- On July 29, 2019, Ivanhoe announced that drilling on its 100%-owned Western Foreland licences, immediately north of the Kamoa-Kakula mining licence, had discovered the extension of the Kamoa Far North high-grade shallow copper corridor on Ivanhoe’s wholly-owned licences for at least 400 metres. Additional drilling has extended this strongly mineralized corridor to at least 800 metres. Sixteen holes now have been completed this year in this new high-grade target area and assays are pending.
- On July 29, 2019, Ivanhoe announced assays from 19 new drill holes at the latest high-grade discovery at Kamoa-Kakula ─ the Kamoa North Bonanza Zone. Multiple, thick drill intercepts of more than 10% copper were recorded at the new discovery, including 13.80% over 15.50 metres in the central discovery area. Work is underway to prepare an initial mineral resource estimate for the Bonanza Zone, as well as geotechnical, hydrogeological and metallurgical test work needed for mine planning.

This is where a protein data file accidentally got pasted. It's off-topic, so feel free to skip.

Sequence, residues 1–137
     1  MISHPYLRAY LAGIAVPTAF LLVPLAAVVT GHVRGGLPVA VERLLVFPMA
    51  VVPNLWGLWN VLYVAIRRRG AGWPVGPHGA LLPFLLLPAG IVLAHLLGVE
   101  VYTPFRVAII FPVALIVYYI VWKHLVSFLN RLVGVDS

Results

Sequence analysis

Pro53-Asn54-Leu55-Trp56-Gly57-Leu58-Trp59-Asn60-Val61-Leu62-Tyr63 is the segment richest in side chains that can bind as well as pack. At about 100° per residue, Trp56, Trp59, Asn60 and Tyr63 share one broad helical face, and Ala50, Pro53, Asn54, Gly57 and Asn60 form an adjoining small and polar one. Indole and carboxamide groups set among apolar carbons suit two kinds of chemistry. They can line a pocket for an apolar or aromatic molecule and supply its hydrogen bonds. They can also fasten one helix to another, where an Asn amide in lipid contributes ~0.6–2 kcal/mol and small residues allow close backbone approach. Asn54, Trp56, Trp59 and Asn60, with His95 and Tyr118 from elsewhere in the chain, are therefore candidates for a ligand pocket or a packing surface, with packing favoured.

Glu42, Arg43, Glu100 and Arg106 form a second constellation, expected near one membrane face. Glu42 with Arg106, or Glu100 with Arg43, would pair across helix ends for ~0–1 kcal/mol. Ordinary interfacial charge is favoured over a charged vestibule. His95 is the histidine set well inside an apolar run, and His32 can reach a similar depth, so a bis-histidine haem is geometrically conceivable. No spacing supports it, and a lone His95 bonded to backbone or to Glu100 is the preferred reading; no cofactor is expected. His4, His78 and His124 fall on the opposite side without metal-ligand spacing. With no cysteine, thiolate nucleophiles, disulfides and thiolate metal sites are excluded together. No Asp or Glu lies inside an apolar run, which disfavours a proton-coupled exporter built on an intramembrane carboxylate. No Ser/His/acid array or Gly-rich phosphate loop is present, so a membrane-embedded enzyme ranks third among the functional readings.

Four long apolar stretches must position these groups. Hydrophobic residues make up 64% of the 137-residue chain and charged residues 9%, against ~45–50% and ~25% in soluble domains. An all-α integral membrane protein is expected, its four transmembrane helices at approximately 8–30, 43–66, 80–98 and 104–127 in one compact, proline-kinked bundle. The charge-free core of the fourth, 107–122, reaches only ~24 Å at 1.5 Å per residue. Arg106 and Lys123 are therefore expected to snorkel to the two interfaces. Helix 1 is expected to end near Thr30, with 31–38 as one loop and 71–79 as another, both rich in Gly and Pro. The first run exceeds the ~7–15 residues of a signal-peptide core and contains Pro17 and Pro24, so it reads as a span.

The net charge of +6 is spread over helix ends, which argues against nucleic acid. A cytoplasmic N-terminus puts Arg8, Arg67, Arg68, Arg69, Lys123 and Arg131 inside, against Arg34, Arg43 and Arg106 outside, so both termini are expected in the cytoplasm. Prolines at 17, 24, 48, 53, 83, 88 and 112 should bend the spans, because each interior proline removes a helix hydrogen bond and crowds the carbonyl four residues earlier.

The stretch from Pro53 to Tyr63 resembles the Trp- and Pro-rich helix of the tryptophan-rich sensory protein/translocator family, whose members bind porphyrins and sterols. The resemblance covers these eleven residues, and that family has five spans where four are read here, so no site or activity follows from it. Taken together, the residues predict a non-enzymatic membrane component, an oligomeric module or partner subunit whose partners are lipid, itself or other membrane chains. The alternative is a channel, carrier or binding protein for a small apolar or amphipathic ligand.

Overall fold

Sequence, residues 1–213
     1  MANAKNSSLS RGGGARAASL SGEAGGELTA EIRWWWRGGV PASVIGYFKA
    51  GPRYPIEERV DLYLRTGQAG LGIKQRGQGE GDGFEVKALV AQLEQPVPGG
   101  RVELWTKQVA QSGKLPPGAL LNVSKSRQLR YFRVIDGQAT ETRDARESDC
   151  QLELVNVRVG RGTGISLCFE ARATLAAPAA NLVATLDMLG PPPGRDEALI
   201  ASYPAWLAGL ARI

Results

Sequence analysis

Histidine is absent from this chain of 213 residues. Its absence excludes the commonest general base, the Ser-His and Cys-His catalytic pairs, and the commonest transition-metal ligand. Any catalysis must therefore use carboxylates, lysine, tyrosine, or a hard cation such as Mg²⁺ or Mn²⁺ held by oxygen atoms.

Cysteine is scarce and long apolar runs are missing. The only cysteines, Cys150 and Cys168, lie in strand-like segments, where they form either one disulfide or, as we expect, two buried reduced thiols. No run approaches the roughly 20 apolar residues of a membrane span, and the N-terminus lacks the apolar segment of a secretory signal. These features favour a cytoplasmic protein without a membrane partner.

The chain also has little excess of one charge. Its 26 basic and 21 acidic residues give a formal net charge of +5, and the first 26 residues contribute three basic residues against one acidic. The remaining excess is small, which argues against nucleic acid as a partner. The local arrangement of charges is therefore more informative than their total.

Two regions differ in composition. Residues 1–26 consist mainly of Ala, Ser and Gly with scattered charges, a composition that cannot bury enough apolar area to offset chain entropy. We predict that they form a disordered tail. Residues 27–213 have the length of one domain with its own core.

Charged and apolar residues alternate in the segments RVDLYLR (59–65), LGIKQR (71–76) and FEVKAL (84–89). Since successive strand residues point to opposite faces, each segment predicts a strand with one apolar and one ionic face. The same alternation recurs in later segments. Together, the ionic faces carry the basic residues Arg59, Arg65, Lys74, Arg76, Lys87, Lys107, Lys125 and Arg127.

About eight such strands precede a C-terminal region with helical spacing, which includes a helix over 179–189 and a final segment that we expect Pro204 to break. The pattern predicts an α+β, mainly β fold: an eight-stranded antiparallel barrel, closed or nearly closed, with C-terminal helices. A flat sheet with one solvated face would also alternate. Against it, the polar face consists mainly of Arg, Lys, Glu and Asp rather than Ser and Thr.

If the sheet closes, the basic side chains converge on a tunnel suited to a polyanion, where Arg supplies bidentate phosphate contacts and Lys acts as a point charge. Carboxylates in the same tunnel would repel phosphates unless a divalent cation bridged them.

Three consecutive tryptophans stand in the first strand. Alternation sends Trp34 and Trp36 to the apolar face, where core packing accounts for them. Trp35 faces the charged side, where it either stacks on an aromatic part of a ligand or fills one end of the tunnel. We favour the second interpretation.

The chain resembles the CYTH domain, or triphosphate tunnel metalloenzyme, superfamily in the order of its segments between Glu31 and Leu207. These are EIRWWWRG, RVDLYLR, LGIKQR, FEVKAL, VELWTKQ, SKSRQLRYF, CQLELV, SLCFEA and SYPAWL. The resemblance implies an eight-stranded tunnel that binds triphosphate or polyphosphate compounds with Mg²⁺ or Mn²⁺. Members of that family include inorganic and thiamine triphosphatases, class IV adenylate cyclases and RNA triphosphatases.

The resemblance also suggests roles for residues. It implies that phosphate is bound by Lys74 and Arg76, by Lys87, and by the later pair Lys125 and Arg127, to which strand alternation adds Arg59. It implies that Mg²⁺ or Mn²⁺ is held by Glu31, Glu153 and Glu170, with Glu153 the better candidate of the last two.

- The controlling east-west striking structure thought to be responsible for the massive copper sulphide mineralization in the Kamoa North Bonanza Zone is visible as a lineament on airborne magnetic images and can be traced over a distance of up to 20 kilometres. It trends west onto the adjacent Western Foreland exploration licences that are 100%-owned by Ivanhoe Mines.
- Development of the Kakula Mine, the first of multiple, planned mining areas at Kamoa-Kakula, is making excellent progress. The first underground access drives intersected Kakula’s initial high-grade ore (+3% copper) in late August, then intersected an even higher grade zone (approximately 6% copper) in late October as the drives advance towards mining zones of +8% copper in the center of the Kakula deposit. Ivanhoe and its joint-venture partner Zijin Mining are advancing rapidly on earthworks for the processing plant and other surface infrastructure. The joint venture has issued purchase orders for the long-lead mining and processing equipment. Initial copper concentrate production from the Kakula Mine currently is scheduled for the third quarter of 2021.